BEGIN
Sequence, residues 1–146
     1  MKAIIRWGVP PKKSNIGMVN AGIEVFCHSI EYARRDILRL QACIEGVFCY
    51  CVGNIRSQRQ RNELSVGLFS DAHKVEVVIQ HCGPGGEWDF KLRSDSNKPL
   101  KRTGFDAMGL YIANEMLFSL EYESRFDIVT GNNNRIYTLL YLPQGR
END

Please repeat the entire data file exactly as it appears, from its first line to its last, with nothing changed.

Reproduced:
Sequence, residues 1–146
     1  MKAIIRWGVP PKKSNIGMVN AGIEVFCHSI EYARRDILRL QACIEGVFCY
    51  CVGNIRSQRQ RNELSVGLFS DAHKVEVVIQ HCGPGGEWDF KLRSDSNKPL
   101  KRTGFDAMGL YIANEMLFSL EYESRFDIVT GNNNRIYTLL YLPQGR